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15.7: Special Topic- Native American Graves Protection and Repatriation Act (NAGPRA)

  • Page ID
    191574
    • Alex Perrone, Ashley Kendell, & Colleen Milligan

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    There is a long history in the United States of systematic disenfranchisement of Native American people, including lack of respect for tribal sovereignty. This includes the egregious treatment of Native American human remains. Over several centuries, thousands of Native American remains were removed from tribal lands and held at institutions in the United States, such as museums and universities.

    In 1990, a landmark human rights federal law, the Native American Graves Protection and Repatriation Act (NAGPRA), spurred change in the professional standards and practice of biological anthropology and archaeology. NAGPRA established a legal avenue to provide protection for and repatriation of Native American remains, cultural items, and sacred objects removed from Federal or tribal lands to Native American lineal descendants, Indian tribes, and Native Hawaiian organizations. Human remains and associated artifacts, curated in museum collections and federally funded institutions, are subject to three primary provisions outlined by the NAGPRA statute: (1) protection for Native graves on federal and private land; (2) recognition of tribal authority on such lands; and (3) the requirement that all Native skeletal remains and associated artifacts be inventoried and culturally affiliated groups be consulted concerning decisions related to ownership and final disposition (Rose, Green, and Green 1996). NAGPRA legislation was enacted to ensure ethical consideration and treatment of Native remains and to improve dialogue between scientists and Native groups.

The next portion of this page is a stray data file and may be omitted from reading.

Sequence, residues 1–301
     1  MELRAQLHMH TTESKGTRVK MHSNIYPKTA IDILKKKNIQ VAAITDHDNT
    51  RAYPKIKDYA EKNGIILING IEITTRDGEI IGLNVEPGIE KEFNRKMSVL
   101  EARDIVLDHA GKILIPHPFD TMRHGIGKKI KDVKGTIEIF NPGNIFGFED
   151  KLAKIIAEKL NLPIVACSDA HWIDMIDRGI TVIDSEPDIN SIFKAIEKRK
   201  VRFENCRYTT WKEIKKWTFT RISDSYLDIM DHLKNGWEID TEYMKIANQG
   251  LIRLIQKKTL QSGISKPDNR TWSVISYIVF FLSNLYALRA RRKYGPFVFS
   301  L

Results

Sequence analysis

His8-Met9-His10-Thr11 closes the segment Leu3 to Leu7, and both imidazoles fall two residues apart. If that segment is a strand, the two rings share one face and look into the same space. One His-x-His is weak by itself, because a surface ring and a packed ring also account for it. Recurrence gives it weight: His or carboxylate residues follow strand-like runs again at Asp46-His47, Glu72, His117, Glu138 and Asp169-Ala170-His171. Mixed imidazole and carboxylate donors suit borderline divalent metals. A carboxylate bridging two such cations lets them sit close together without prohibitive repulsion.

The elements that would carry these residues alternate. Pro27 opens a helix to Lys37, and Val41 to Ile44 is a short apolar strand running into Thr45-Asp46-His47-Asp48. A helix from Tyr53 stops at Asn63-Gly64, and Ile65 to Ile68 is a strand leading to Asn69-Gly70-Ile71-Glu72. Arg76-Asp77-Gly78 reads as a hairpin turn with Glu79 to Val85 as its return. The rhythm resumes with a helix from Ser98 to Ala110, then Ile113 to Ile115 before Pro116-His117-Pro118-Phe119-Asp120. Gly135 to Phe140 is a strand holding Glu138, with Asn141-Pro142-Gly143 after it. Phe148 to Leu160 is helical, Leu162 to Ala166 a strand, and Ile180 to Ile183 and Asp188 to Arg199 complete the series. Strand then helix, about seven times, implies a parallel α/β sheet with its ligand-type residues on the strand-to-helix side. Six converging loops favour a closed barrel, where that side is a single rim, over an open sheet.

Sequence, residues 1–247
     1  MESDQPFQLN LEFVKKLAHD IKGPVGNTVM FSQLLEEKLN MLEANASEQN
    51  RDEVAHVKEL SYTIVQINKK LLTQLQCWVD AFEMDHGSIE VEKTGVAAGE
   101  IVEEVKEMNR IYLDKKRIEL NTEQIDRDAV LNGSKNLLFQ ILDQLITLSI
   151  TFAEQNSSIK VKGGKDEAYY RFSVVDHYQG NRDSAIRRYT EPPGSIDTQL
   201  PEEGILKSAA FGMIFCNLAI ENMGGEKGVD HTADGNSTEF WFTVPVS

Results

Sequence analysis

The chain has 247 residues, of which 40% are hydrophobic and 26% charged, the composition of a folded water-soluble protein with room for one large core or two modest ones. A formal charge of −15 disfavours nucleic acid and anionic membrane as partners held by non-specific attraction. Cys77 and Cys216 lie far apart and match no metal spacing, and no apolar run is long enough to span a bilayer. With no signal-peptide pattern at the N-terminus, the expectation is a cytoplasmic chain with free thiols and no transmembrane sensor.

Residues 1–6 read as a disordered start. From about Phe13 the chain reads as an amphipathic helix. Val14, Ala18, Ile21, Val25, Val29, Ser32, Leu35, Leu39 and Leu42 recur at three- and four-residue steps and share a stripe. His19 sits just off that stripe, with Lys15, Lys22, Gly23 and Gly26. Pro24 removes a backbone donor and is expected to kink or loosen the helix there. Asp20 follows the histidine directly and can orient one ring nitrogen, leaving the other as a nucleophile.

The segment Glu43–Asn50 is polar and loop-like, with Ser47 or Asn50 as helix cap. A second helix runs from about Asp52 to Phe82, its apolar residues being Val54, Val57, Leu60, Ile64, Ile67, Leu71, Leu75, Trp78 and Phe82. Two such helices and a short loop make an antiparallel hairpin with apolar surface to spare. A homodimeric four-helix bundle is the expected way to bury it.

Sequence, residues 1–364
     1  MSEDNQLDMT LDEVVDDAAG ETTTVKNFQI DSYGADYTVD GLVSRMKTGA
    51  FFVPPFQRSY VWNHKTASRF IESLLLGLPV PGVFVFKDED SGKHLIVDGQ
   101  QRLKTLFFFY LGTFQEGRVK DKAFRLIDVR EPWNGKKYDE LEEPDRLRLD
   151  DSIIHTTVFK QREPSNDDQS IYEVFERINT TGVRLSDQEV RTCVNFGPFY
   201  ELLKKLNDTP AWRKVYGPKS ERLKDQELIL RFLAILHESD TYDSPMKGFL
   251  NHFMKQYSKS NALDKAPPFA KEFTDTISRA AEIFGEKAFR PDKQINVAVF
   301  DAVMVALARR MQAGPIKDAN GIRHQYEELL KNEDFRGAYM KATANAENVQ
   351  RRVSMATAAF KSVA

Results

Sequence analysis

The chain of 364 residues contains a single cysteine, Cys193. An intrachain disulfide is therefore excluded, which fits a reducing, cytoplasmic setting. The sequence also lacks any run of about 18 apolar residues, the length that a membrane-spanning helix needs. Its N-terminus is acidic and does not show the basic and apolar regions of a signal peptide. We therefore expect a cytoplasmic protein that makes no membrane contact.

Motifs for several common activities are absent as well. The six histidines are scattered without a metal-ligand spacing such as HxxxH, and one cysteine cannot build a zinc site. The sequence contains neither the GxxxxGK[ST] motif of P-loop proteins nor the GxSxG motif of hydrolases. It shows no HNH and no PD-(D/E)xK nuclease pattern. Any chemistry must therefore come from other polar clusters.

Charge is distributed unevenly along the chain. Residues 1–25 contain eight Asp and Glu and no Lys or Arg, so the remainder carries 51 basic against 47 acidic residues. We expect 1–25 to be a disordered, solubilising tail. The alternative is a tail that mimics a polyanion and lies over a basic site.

Becoming a Forensic Anthropologist

    What does it take to be a forensic anthropologist? Forensic anthropologists are first and foremost anthropologists. While many forensic anthropologists have an undergraduate degree in anthropology, they may also major in biology, criminal justice, pre-law, pre-med, and many other related fields. Practicing forensic anthropologists typically have an advanced degree, either a Master’s or Doctoral degree in Anthropology. Additional training and experience in archaeology, the medico-legal system, rules of evidence, and expert witness testimony are also common. Practicing forensic anthropologists are also encouraged to be board-certified through the American Board of Forensic Anthropology (ABFA). Learn more about the field and educational opportunities on the ABFA website.


    This page titled 15.7: Special Topic- Native American Graves Protection and Repatriation Act (NAGPRA) is shared under a CC BY-NC 4.0 license and was authored, remixed, and/or curated by Alex Perrone, Ashley Kendell, Colleen Milligan, & Colleen Milligan (Society for Anthropology in Community Colleges) via source content that was edited to the style and standards of the LibreTexts platform; a detailed edit history is available upon request.